Interviewer for a non-camp job: Tell me about a time when you failed and bounced back from it successfully?
Me: I worked at a residential summer camp, and I was a department manager. I managed multiple projects a week. One of the first projects I ever managed in that position was a welcome program for campers that required me to create a vision, get buy-in from the 25 employees I was supervising, and execute this program that would set the tone of our community for the week to come. I had the vision, I got the buy-in, and . . . I failed to get everything ready in time. The program happened, barely, and the impact of the program on the tone of our community for the week was not as strong or positive as I had hoped. One week later, I was in charge of a similar project, and that time I followed through in a way that worked, having learned from the mistakes that I had made a week before. I continued to strengthen the way I managed projects the rest of that summer and was invited back the following summer in a higher management position.
Interviewer: Wow, you were managing projects every week — that is impressive!
The “me” in the interview could be any camp staff supervisor from any summer camp. Maybe the number of staff would change, or the type of project — but that’s about it. Everything else happens all the time at our camps. If you work in a professional setting, like a consulting firm, you may manage one or two projects every three, six, or even 12 months. At camp, while it’s on a different scale, staff members are taking on professional tasks on the regular.
After conducting research (i.e., surveys and focus groups) across hundreds of staff at numerous camps, I am confident in saying that many of our staff members struggle to articulate the professional value of camp, especially to non-camp people such as potential employers. Many of them come into the summer without thinking about the professional value they can get out of camp and leave at the end of the summer without realizing how much skill development they did. Below are three strategies to keep in mind when helping your staff identify the unique professional value in repeated experiences that happen while working at camp.
Failure at Camp Is OK if You Make it OK
When a staff member leads a sub-par program, doesn’t handle a situation well, didn’t follow-through on a responsibility, etc., it’s on us to encourage them to keep their chin up, reflect on the positive and negatives with a supervisor, and give them a chance to do it again using what they learned from that experience. Then, give the staff member another chance! And another! If you create an environment where it’s safe (and even encouraged) to try and fail, and where learning from failure is an accepted practice, then your staff will build confidence and leave summer camp with stories like the one above — demonstrating to potential employers their ability to effectively learn and adapt.
Incremental Development Isn’t a Radical Concept
We don’t learn skills instantly, in a radical epiphany of understanding. Learning takes time. When you major in a specific field of study you go from 100-level to 200-level to 300-level classes and so forth. It’s incremental. Creating an environment that fosters learning includes continuously providing new assignments and responsibilities, often those slightly outside of the recipient’s comfort zone. This is another way to build storylines that serve as a proof of concept of the capacity for professional growth that employers want to see in potential employees.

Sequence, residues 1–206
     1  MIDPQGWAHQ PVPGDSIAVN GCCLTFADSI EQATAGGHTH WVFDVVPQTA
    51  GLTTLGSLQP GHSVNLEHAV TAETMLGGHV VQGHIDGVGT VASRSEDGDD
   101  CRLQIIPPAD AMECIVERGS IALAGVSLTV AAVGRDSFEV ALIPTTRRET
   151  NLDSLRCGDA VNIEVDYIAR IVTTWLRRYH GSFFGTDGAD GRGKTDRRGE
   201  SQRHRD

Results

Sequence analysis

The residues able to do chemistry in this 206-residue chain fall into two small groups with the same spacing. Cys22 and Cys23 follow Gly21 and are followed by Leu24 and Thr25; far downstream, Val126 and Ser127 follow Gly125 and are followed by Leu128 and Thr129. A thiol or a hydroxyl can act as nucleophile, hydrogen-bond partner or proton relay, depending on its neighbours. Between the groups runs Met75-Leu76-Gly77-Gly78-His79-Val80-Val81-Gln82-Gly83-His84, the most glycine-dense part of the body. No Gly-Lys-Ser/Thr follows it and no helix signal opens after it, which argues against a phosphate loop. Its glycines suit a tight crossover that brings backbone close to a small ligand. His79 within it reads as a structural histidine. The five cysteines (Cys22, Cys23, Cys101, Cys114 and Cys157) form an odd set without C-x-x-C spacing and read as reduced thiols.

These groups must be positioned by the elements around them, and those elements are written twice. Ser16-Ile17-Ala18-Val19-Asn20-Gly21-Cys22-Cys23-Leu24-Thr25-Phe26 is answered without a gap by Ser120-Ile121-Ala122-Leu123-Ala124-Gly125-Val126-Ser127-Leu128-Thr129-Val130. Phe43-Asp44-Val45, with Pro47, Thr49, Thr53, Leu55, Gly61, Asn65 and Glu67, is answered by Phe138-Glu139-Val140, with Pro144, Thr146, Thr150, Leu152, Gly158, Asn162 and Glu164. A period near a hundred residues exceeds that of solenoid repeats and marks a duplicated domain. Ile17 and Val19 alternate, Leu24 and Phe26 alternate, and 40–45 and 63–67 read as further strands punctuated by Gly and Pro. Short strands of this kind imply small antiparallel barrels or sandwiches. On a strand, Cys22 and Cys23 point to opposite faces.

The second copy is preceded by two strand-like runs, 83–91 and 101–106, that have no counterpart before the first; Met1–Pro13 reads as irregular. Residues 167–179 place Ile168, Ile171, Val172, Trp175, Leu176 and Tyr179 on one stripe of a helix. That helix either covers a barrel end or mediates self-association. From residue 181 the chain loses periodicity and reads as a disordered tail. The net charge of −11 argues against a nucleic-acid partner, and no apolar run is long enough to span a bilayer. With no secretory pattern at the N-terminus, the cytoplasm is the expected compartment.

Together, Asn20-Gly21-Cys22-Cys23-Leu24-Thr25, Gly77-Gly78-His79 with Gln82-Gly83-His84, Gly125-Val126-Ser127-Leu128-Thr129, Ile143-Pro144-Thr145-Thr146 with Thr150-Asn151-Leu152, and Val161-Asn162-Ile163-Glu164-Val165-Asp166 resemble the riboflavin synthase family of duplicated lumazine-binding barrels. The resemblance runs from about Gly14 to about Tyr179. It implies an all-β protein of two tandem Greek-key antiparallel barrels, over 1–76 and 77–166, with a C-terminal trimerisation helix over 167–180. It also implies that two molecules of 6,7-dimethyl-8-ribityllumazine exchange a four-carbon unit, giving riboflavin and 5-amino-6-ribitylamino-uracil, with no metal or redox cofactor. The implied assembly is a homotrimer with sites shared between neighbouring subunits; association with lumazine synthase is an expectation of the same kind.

Set. Revisit. Reset. Repeat!
Within a summer, it is important to help staff recognize and track their own progress. This means staff setting goals at the start of summer, revisiting and resetting goals throughout the summer, and reflecting on those goals at summer’s end. This final step should transition into planning for the following summer — emphasizing the opportunities ahead to keep growing current skills and add new skills. That conversation can also be used to explore upgraded titles and roles that correspond to the progress they made this summer, which can eventually serve to demonstrate skill mastery to potential employers.
At camp, we have a chance to be supportive of employee development in a way that leaders in very few other professional fields have. Over and over again we can help our staff members grow while enhancing their résumés and developing their repertoire of interview responses.
Be sure to repeat checking the ACA blog posts next month to read about the value of supportively supervising your supervisors — the third blog post in this series that supports Project Real Job.
Daniel Shore is a researcher and consultant with an MA (and now finishing his PhD) in workplace psychology. He conducts research across numerous settings, from cybersecurity teams to summer camps, and turns data into action by (1) facilitating training experiences, (2) conducting feedback focus groups, and (3) creating professional development and training curricula. In the camp world, Daniel combines his ten summers of experience as a staff member, unit supervisor, and director of staff and leadership development with his research expertise to help camps strategically train staff to enhance the camp staff experience. Daniel is looking to work with camp leaders who believe what he believes: to have a great camp with happy campers, you need happy counselors.
Feel free to email Daniel with any thoughts, questions, or interest in being a partner through research and training workshops at Daniel@IMShore.com.
Photo courtesy of Many Point Scout Camp in Fort Snelling, Minnesota